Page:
A report taking a critical look at the way internal investigations are handled inside the King County Sheriff’s Office is expected to be released this morning by the Metropolitan King County Council.
The 69-page audit conducted by a Chicago security management consulting firm, makes eight findings and 18 recommendations on ways the department can improve policies and provide law enforcement oversight, according to a source who has read the audit. The audit recommends that oversight continue through King County’s Office of Law Enforcement Oversight, or OLEO.
The most glaring finding is that “the single greatest deficit is that the sheriff’s office that over time it has developed a passive and reactive approach to the way it receives, manages and investigates internal affairs complaints,” according to the source.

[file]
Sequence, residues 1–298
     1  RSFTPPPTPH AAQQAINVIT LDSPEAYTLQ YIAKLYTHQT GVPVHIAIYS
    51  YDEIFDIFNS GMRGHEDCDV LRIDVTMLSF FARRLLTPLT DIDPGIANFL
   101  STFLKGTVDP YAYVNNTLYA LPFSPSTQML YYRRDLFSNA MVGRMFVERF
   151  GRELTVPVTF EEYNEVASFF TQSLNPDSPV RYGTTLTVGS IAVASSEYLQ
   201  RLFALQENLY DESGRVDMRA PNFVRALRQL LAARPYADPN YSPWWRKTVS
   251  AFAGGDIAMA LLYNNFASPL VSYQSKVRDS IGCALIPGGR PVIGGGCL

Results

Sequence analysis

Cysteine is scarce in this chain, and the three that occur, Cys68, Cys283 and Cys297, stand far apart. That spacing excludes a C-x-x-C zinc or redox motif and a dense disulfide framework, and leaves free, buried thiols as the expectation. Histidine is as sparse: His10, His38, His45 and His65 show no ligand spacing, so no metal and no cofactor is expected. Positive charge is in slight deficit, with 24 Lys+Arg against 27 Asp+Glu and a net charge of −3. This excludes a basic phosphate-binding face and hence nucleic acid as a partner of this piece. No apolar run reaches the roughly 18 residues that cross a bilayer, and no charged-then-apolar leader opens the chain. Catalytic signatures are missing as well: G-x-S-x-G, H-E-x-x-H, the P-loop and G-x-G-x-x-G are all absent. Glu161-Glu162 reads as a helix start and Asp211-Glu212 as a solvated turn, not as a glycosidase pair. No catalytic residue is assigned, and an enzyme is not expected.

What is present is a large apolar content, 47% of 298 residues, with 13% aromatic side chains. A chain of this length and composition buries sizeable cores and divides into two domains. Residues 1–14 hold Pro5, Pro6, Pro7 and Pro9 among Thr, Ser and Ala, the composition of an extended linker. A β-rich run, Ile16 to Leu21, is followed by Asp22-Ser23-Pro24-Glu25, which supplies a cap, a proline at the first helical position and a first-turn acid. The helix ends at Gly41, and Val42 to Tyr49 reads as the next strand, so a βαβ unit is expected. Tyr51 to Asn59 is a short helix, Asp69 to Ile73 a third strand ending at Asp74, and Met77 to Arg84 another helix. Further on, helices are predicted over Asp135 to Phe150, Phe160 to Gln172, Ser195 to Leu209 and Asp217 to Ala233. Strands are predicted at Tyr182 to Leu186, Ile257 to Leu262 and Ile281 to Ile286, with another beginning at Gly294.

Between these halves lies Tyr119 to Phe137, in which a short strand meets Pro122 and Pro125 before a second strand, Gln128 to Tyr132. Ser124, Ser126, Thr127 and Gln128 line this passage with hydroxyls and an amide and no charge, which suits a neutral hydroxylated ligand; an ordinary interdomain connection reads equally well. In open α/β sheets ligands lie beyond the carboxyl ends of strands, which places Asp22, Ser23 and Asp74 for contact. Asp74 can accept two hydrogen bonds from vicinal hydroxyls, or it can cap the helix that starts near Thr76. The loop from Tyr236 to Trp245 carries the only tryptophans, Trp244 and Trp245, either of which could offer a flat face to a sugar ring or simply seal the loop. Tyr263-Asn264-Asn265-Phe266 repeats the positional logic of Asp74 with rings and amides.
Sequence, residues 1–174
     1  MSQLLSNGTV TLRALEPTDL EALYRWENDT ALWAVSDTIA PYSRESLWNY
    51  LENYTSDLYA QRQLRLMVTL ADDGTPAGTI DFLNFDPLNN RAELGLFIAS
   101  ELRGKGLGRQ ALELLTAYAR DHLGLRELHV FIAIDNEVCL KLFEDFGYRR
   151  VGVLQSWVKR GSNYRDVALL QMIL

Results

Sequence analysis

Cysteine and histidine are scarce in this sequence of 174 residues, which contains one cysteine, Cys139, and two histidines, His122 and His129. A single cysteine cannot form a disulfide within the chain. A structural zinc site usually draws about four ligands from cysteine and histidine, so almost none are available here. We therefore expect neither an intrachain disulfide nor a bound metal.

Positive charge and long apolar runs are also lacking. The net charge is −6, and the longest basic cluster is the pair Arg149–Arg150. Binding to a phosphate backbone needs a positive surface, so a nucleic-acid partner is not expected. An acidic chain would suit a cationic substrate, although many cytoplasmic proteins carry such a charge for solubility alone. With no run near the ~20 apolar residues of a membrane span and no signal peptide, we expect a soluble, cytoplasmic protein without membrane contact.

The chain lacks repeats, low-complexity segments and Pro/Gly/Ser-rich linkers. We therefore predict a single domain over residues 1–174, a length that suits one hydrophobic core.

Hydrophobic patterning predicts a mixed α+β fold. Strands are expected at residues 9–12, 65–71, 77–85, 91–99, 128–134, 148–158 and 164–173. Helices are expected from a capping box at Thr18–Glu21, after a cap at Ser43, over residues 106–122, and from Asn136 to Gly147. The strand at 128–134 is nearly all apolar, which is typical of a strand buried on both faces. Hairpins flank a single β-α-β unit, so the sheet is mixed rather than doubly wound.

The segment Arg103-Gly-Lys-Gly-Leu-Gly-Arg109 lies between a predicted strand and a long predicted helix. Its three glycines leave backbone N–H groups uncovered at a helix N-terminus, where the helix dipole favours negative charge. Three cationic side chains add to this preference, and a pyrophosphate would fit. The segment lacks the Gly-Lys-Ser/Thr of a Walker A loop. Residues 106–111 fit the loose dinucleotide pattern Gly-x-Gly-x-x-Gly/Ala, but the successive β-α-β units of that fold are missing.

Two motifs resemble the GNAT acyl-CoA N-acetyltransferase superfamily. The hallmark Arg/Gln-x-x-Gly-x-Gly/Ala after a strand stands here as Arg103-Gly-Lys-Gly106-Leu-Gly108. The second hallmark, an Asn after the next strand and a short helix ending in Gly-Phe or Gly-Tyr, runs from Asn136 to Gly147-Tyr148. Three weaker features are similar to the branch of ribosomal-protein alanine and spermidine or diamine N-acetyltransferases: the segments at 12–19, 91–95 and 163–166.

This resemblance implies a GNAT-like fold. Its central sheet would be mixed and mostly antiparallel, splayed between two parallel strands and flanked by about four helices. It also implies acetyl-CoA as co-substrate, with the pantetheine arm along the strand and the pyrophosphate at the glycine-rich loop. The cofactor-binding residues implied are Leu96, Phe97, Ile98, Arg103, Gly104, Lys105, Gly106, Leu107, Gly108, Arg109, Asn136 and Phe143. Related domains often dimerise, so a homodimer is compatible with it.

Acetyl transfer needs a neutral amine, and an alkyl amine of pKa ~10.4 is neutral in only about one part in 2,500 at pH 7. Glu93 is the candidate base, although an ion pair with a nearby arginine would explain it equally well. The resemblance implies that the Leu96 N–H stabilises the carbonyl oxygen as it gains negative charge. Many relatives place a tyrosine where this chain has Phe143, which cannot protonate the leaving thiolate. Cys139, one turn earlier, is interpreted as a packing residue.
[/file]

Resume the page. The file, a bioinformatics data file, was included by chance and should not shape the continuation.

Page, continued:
In 2006, the council approved the creation of the OLEO, to monitor internal investigations of allegations of misconduct by deputies. The issue of civilian oversight has been controversial among deputies and something later negotiated with the deputies union. The issue was brought to the bargaining table with the union and new terms for the Office of Law Enforcement Oversight were created in 2009.
In October 2011, Charles Gaither was appointed as the director of the Office of Law Enforcement Oversight.
In 2009, the county council directed the King County Auditor’s Office to create a permanent auditing process focusing on sheriff’s office Internal Investigation Unit. Hillard and Heintze, the Chicago-based law enforcement consulting firm, were hired to conduct the audit, which is expected to be released this morning.
This post will be updated when the report is released.